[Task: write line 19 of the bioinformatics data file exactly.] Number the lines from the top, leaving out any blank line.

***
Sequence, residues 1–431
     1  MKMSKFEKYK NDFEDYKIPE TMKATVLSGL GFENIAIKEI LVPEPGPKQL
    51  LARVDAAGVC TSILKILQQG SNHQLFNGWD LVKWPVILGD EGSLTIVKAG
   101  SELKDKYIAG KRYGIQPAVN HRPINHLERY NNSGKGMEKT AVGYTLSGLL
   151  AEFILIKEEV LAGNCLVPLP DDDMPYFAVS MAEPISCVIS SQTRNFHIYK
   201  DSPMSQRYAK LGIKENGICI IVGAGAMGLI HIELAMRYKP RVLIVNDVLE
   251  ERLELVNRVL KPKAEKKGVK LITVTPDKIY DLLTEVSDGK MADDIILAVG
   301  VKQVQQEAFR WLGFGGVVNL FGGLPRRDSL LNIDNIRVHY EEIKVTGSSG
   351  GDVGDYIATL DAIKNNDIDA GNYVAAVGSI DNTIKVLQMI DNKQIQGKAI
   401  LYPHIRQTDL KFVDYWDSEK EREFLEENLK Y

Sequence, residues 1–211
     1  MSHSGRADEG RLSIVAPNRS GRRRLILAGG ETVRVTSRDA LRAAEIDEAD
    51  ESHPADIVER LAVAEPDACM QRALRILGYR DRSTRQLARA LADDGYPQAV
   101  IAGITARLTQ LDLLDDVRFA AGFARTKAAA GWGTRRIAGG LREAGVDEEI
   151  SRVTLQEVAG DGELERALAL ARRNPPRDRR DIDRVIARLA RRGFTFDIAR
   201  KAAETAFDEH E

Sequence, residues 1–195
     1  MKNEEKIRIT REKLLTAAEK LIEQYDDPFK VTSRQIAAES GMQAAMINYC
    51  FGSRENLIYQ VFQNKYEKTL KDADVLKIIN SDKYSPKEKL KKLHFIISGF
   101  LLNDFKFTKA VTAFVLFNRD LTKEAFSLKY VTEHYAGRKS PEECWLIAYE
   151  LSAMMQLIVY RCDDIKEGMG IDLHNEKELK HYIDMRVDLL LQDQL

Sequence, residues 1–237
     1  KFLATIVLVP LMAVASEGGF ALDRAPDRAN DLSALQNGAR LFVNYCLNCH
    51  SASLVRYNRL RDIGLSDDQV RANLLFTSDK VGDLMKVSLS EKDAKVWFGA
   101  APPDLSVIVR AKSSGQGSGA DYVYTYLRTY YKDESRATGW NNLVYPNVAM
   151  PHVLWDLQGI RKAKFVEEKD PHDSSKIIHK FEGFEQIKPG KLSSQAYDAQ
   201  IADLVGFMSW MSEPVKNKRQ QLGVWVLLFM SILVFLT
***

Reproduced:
    51  FGSRENLIYQ VFQNKYEKTL KDADVLKIIN SDKYSPKEKL KKLHFIISGF